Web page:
Barbican Hall, Milton Court Concert Hall
The Music of Terezín, dir. Simon Broughton
‘The Theresienstadt Orchestra’
Hans Krása: Overture for Small Orchestra
Pavel Haas: Study for String Orchestra
Erwin Schulhoff: Symphony no.5
BBC Symphony Orchestra
Alpesh Chauhan (conductor)
‘Songs in Time of Distress’
Viktor Ullmann: Two Hebrew Pieces for choir; Songs of Comfort for low voice and string trio
Gideon Klein: String Trio; Folk Songs for male chorus
Silvie Bodorova: Terezín Ghetto Requiem for baritone and strong quartet: ‘Lacrimosa’
Pavel Haas: String Quartet no.2: ‘Wild Night’
Dieter Gogg, arr. Iain Farrington: Als ob; Theresienstadt, der schönste Stadt der Welt
František Domažlický: Song without words for string quartet
Ullmann: Yiddish Songs for choir; Der Kaiser von Atlantis: ‘Komm Tod, du unser werter Gast’ (arr. Farrington)
Simon Wallfisch (baritone)
Guildhall School Musicians
Ullmann: Der Kaiser von Atlantis, dir. Kenneth Richardson
Messiaen: Quatuor pour la fin du temps
Kaiser Overall – Thomas Johannes Mayer
Loudspeaker – Derrick Ballard
Soldier – Oliver Johnston
Harlekin – Robert Murray
Bubikopf – Soraya Mafi
Death – Henry Waddington
Drummer Girl – Hanna Hipp
BBC Symphony Orchestra
Josep Pons (conductor)
Guildhall School Musicians
|Images: BBC/Mark Allan|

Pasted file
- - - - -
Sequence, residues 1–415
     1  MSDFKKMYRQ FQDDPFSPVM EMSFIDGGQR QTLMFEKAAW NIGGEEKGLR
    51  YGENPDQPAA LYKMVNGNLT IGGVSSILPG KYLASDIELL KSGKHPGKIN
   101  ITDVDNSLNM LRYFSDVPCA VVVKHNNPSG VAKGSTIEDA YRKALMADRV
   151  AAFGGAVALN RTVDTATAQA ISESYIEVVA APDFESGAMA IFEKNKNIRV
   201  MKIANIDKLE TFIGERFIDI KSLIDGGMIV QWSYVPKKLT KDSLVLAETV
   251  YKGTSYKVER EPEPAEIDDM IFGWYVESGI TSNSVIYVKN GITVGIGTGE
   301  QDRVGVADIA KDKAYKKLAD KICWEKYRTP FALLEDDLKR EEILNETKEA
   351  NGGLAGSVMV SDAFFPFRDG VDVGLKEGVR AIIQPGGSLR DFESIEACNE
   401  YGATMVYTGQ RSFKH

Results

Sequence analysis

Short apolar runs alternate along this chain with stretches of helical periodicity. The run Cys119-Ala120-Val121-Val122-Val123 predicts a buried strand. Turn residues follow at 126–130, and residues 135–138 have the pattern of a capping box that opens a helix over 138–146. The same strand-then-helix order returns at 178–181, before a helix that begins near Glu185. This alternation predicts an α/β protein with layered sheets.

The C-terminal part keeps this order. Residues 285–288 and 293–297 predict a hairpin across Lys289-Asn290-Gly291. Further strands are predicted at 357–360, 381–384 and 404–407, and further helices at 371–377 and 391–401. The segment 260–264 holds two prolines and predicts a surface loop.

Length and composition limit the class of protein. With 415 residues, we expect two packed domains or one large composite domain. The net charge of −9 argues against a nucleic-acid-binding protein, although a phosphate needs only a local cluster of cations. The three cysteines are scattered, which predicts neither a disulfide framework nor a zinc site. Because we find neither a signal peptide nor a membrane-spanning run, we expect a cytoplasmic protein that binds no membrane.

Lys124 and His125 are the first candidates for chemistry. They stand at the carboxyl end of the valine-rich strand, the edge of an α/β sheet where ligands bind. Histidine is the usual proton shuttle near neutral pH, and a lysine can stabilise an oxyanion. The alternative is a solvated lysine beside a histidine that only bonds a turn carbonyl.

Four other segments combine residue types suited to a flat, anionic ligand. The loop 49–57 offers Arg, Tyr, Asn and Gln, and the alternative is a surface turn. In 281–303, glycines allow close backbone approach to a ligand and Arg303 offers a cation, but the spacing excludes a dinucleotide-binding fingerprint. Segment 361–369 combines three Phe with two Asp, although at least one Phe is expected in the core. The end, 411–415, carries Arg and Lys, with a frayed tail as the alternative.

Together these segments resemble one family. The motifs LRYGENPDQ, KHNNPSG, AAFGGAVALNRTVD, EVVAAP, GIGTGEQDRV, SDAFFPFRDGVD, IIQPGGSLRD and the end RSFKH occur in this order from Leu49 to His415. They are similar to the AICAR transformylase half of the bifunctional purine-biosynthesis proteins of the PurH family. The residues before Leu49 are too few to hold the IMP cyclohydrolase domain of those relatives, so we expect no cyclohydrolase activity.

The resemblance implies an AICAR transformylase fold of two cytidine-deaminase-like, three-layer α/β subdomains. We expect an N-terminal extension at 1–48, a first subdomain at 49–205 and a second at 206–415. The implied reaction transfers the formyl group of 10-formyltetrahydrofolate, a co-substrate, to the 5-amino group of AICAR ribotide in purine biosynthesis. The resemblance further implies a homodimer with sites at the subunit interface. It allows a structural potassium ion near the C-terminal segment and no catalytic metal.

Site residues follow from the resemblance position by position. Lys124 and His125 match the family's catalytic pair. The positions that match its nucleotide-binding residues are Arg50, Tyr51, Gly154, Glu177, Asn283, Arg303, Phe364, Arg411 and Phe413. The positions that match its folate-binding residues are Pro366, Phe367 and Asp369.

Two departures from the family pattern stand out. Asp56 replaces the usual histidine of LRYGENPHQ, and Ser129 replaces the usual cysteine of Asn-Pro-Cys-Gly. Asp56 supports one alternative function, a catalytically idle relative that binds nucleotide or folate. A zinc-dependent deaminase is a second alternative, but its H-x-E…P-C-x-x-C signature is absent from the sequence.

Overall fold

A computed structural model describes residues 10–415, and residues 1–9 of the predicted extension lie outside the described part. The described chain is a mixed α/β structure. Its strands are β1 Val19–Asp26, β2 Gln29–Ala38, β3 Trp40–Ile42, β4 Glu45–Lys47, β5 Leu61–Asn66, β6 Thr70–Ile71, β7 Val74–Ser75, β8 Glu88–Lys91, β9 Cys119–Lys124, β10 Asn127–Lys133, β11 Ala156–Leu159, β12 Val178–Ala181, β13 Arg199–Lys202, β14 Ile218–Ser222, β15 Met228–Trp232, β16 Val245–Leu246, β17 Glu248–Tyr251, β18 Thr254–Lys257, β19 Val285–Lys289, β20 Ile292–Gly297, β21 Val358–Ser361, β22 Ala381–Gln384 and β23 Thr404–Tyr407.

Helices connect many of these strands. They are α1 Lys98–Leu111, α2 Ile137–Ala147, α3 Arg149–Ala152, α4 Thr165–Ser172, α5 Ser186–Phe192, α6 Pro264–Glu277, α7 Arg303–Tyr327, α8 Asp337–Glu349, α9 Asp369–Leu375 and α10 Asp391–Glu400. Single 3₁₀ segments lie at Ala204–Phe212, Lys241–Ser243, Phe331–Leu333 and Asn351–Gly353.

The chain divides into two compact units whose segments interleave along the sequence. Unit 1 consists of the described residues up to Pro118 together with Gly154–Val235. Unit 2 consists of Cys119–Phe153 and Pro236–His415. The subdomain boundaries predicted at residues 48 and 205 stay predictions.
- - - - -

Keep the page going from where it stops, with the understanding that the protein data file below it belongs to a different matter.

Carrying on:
Holocaust Memorial Day falls on 27 January, thus poignantly entwined—forever?—with the birthday of Mozart. Much could and doubtless should be said about that dialectical relationship, but let us leave that for another time, perhaps when I am once again able to travel to Salzburg and its Mozartwoche is once again able to take place. The BBC/Barbican annual Total Immersion day or weekend—this year a day—was, however, able to do so, offering much food for thought and contemplation. This year, we approached a commemoration that calls into question, many would say irrevocably denies, the possibility of historical ‘normalisation’, by way of music (mostly) from Nazi prison camps, above all the ghetto of Theresienstadt/Terezín. Simon Broughton’s 1993 documentary film offered an excellent introduction: informative, evocative, and, through its interviews with and performances from survivors, touching too. It is difficult to imagine the BBC making such a film now, but thank goodness it did then.